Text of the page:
Three people with ties to WKU were honored Nov. 11 with the Kentucky History Awards from the Kentucky Historical Society.
Michael Ann Williams, WKU folklore professor, received the Award of Distinction for making a significant contribution to state and local history through her work with the Kentucky Oral History Commission. This commission, the only commission of its kind in the United States, supports the creation and preservation of oral histories across Kentucky.
Williams has served on the KOHC Advisory Board since 1997 and is a member of the commission’s grant review committee. Her experience and expertise has ensured that commission funds are applied to quality projects that push the use and accessibility of oral history collections across the state.
Glen Conner, retired associate professor of Geography and Geology at WKU, was honored with a Publication Award for his book Frontiersmen in the War of 1812.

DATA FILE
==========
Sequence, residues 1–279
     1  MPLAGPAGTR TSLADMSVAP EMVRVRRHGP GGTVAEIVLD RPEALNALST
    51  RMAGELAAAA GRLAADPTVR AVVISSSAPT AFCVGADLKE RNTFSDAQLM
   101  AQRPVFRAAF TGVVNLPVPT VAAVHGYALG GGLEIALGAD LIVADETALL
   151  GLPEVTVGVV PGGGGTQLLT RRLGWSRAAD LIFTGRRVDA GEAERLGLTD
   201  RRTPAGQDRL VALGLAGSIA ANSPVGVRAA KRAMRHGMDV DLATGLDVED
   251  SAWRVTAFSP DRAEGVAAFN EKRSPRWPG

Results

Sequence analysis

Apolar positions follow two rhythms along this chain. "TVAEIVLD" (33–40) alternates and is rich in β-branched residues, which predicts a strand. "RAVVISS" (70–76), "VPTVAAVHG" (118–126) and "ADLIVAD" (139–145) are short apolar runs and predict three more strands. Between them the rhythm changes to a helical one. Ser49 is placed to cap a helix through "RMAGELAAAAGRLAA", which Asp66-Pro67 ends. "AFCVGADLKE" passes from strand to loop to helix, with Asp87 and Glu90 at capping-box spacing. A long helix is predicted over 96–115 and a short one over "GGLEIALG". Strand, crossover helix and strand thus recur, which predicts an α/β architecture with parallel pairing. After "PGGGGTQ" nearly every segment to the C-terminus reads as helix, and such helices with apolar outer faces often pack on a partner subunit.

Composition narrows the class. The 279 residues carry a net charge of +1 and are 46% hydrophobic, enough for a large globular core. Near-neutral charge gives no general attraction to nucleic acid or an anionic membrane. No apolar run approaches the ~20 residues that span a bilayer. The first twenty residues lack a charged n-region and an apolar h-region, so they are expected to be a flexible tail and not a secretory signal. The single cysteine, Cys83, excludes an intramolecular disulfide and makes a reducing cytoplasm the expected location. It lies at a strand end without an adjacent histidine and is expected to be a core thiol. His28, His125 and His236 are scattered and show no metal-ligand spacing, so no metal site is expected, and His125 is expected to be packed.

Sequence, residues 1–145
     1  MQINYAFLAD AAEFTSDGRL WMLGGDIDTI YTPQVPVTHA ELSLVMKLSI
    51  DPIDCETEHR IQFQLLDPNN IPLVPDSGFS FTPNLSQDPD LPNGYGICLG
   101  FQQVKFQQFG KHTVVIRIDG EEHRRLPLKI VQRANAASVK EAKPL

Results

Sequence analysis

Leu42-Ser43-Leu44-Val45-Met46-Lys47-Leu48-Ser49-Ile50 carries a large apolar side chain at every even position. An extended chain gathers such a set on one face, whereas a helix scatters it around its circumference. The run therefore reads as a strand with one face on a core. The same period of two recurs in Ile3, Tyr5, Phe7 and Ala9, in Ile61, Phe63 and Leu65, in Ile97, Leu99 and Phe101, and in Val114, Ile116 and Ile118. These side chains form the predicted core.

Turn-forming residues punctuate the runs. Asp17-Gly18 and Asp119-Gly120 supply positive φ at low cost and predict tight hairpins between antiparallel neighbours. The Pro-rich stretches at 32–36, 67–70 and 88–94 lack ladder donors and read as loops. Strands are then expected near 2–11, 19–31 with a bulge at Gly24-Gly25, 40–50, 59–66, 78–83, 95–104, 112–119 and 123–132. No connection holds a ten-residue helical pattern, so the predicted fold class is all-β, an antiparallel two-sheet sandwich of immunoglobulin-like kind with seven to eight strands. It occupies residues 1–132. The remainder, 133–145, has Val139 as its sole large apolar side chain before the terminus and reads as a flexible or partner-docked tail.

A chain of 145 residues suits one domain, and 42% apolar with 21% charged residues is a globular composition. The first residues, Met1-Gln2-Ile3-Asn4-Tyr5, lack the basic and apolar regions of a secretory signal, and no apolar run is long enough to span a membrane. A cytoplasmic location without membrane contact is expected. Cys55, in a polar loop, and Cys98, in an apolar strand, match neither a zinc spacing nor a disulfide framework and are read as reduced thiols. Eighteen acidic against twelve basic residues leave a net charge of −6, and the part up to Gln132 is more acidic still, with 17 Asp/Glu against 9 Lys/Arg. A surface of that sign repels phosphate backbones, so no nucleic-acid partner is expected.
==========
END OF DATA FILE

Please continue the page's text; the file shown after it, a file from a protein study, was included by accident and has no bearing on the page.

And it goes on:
Although the War of 1812 is sometimes considered to be a “forgotten war,” Conner has worked to bring this conflict to the forefront. In his book, he examines the causes of the war, the soldiers who fought and the reasons why the War of 1812 is so important to Kentucky history: nearly one in six residents—about 25,000 men—performed some type of military service during the war and Kentucky suffered approximately 60 percent of the war’s total casualties.
John Hardin, WKU professor of History, also received a publication award as co-editor of The Kentucky African American Encyclopedia, along with Gerald L. Smith and Karen Cotton McDaniel.
The Kentucky African American Encyclopedia includes entries from Kentucky’s pioneer period to the present day and provides “a foundational guide to the black experience in the Commonwealth.” With 150 contributing authors and more than 1,000 entries, this reference work describes the Kentucky African Americans who played pivotal roles in every facet of the state’s history.
Contact: Janene Zaccone, (502) 564-1792